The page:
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Tuesday, October 02, 2012 - Volunteer Finds Lasting Joy in Her Work at Methodist’s Hospitality Houses
  Vilma DeClue, center, a volunteer at Methodist’s Hospitality Houses, helps guests feel at home when they must travel for medical care, whether it’s making a pot of coffee or offering a listening ear. 
Giving to others is a wonderful way to leave an impression on this world. By giving I don’t mean hastily writing out a check for a worthy cause or donating that sofa that your husband swears you got from a doctor’s office waiting room because there’s so little padding.  To truly experience the joy of giving, give of your time, of yourself.  

The Hospitality Houses of Methodist Medical Center have brought that joy to Vilma DeClue’s life since she began volunteering there in 1999.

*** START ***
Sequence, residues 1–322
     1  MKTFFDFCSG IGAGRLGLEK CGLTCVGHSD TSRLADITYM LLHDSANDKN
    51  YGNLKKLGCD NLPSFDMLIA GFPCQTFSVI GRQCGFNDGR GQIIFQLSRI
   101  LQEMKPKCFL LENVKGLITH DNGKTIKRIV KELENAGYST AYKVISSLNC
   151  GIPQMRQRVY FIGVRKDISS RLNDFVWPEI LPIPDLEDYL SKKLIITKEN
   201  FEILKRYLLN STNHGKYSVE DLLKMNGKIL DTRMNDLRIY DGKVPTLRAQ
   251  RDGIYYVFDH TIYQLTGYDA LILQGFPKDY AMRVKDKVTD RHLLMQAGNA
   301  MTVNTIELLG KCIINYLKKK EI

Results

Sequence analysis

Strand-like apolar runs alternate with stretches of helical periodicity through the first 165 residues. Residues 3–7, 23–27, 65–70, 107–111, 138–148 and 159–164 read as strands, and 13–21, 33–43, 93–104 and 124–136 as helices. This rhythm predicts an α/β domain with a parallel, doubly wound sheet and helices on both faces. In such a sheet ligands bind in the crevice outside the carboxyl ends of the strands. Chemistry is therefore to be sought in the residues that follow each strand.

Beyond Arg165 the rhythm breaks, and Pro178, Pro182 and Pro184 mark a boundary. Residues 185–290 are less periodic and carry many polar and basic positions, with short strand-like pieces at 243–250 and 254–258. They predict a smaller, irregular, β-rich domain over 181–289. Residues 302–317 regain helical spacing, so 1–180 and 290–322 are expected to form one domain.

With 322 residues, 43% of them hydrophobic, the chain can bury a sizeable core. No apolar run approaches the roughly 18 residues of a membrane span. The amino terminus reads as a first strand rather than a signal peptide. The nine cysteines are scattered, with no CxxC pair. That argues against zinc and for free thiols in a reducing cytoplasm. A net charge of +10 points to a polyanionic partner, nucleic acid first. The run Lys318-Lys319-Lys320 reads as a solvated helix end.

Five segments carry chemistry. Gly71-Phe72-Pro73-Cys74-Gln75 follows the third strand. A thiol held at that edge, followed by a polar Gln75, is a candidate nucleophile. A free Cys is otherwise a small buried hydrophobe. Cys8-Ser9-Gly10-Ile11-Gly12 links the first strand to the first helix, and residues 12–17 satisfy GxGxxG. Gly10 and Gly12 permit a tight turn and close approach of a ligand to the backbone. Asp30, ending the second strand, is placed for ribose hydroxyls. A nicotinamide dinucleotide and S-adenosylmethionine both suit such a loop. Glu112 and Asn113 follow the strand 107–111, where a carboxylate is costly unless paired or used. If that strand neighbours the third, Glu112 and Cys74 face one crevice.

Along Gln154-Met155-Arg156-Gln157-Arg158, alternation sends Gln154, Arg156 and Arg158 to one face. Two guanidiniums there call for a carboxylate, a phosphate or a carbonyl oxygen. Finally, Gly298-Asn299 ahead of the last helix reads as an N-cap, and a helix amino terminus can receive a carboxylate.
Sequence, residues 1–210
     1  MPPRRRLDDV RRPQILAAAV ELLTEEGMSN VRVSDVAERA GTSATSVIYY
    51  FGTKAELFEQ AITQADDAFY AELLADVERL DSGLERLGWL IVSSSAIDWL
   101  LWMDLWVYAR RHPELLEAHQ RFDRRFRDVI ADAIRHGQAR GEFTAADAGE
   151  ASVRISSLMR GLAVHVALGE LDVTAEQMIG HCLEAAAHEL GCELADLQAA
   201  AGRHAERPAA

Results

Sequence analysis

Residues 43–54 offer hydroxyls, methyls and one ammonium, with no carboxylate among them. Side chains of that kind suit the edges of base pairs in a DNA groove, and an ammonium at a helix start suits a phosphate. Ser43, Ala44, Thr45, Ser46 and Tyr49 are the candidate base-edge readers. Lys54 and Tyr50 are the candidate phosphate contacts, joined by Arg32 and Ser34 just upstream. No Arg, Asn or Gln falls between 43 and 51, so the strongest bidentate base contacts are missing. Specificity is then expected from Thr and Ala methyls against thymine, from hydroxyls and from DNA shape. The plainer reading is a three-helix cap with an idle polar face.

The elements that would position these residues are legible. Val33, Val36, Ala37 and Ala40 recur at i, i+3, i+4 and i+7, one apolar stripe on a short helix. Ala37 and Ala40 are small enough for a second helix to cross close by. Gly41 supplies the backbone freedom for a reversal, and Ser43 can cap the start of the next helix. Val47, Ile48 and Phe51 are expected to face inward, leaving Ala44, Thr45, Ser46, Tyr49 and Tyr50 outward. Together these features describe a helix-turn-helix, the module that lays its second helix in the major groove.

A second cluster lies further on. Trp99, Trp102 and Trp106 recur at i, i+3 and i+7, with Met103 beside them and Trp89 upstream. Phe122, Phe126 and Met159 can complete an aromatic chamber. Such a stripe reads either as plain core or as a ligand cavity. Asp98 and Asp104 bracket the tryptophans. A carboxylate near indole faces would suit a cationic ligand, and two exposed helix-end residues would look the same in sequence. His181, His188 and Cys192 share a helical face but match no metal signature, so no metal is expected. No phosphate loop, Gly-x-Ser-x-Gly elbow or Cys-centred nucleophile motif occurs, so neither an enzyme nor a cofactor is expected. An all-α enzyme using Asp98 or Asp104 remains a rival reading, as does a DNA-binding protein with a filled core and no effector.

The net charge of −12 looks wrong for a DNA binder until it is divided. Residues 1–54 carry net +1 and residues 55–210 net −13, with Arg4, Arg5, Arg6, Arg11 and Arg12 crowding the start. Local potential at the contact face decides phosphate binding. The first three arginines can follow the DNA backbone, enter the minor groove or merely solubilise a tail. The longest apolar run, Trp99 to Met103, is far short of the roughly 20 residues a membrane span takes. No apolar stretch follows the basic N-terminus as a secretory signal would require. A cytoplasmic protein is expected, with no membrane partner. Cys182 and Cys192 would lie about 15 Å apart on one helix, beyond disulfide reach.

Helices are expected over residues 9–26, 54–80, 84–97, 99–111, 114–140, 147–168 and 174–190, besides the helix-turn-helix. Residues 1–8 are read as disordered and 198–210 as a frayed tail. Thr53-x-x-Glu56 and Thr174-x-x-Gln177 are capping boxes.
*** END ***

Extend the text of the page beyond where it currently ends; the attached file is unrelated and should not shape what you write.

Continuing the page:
“I tell my husband and all of my friends that this is one of the most rewarding things I’ve ever done in my entire life,” says DeClue. “It gives me joy… joy stays inside you.”

The Hospitality Houses at Methodist Medical Center provide temporary lodging to patients and families who must travel far from home to receive treatment at Methodist. The Houses primarily serve cancer patients, but other outpatients and families of patients are accepted as space allows. The Hospitality Houses become a source of strength for these patients and families during some of the worst times of their lives.  As they face a medical crisis, the houses and the staff who maintain them provide comfort, peace, a place to rest, a sympathetic listener.

Volunteers play a key role in making Methodist’s two Hospitality Houses the special places that they are.

“We do a lot of everything,” says DeClue. “It’s a house, so you see to all the little details- keeping things clean.”

But she notes that a volunteer’s job is much more than keeping the house looking nice. “One of the most beautiful things we do is to talk to the patients and families, just to listen to them.”

Sometimes, when someone is scared or hurting, that’s the best thing you can do for them- just be a good listener.